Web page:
It’s vacation season! Whether you’re trekking a mountain trail or hightailing it to the beach, taking a trip is the perfect time to recharge spiritually. Once, I stayed in a beach house with my husband, kids, and extended family, and left my phone on its charger in favor of savoring the ocean and reconnecting with those around me. On countless volunteer trips to secluded parts of Mexico, I was able to steal away and spend a few hours alone, reading, praying, and enjoying God’s presence. No matter where you’re going this season, or who you’re traveling with, you can use your time off to practice being more mindful, reboot your spiritual life, and reconnect with God. Here’s how:
Sure, we all know we’re way too connected to our tech, but still, most of us are stuck in our routine, thumbs constantly scrolling, necks craned, eyes glazed over—I certainly am. Use your vacation to give yourself a technology fast and reap the many spiritual (and even physical!) benefits. I tried this once for three full days, and it was really refreshing.
Trying using your vacation’s change of scenery to pull back on your tech habits and enjoy what’s right in front of you. Rather than always having your mind filled with something (whether it’s constant memes, political dialogue, or trendy insta-spaces), you’ll be creating space for prayer, reading, and meditation, not to mention you can really, truly enjoy and be present with the people you’re making memories with.
2. Go outside
Most summer vacations include some sort of outdoor adventuring, and while it’s tempting to spend your time in nature finding the perfect Instagram-worthy landscape, your phone will be safely tucked into your purse or backpack now that you’ve unplugged a little (right?)! With mine safely away, I was was more aware of the beautiful sunset and noticed the birds fluttering in and out of my view. It was amazing how much time I had, and how much more I actually enjoyed the outdoors when I wasn’t trying to choose the perfect filter for my pics. Whether you’ll be exploring a new city or a new natural surrounding, take time to notice the vast array of beauty in our world. Give thanks for each unique experience you have—the sound of the waves or the fresh, clean air in the mountains—and marvel in gratitude for creation.
3. Reconnect with others
Without expectations of work or home tugging at you from all directions, focus on spending quality time with loved ones. Play board games, go for walks, savor your meals, and have long chats on the back patio each evening. Rather than feeling hurried to do and see all your destination has to offer, use your time off work and regular duties to see the beauty and image of God in the people you’re with.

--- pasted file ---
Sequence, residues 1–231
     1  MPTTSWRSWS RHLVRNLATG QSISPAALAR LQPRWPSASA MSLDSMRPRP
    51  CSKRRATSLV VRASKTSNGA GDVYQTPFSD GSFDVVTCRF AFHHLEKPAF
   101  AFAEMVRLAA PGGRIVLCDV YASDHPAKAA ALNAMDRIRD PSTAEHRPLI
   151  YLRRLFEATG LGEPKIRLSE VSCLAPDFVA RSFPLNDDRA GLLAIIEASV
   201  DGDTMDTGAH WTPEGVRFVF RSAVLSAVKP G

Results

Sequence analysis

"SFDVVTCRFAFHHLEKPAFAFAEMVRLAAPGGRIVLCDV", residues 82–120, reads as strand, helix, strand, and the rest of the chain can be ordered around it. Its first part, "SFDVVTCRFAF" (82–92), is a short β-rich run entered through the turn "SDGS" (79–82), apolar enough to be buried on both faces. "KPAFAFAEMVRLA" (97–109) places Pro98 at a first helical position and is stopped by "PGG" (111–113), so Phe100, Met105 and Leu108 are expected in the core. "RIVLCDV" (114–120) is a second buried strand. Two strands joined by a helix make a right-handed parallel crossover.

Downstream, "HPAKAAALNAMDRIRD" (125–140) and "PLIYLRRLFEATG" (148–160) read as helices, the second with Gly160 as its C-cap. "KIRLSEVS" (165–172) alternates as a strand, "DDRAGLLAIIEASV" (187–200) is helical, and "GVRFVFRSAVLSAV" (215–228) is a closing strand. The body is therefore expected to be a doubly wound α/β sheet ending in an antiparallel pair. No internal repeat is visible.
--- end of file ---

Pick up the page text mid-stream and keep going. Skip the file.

What does it mean to see God in someone? For me, it means realizing that though we all have faults, we’re all unique, and all of us have value—no matter what those faults or flaws may be. What better time than vacation—when you’re often sharing close quarters and spending more time than usual with others — to remember this? Growing in empathy for others can be difficult if you’re sharing a hotel room or you and your travel companions have different preferences about sightseeing v. relaxing. Vacation can bring out small annoyances or even deeper issues, but if you go into the trip looking for the good in others, you may be more patient, more loving, and even surprised by how much you enjoy yourself—and your companions.
4. Add a new spiritual discipline
Some say it takes 21 days to create a new habit—but why not use a break in your routine to try something different? Maybe you pray often but don’t get much time to read anything uplifting or spiritual. Pack two or three books you’ve been meaning to read. Or maybe you’re a nightly bookworm but can’t seem to stick to a regular prayer practice. Use your slow-moving vacation mornings to steal off by yourself for 10 minutes of solitude, prayer, and mindfulness. Journal about a few things you enjoyed or learned on your trip. Or download a guided meditation to your phone and listen to it while you’re getting ready for the day. You might even find a way to volunteer for a few days.
For me—a mom with a busy schedule and three very loud children—I planned on just being quiet and spending time alone with my own thoughts and with God last time I traveled. It was easier than usual, because my parents and husband were all around to help with the children and give me some much needed solitude. With the addition of that quiet time to my vacation, I went home feeling refreshed and ready to head back into my regular life with a more grounded attitude and some really great memories, both with my family and God.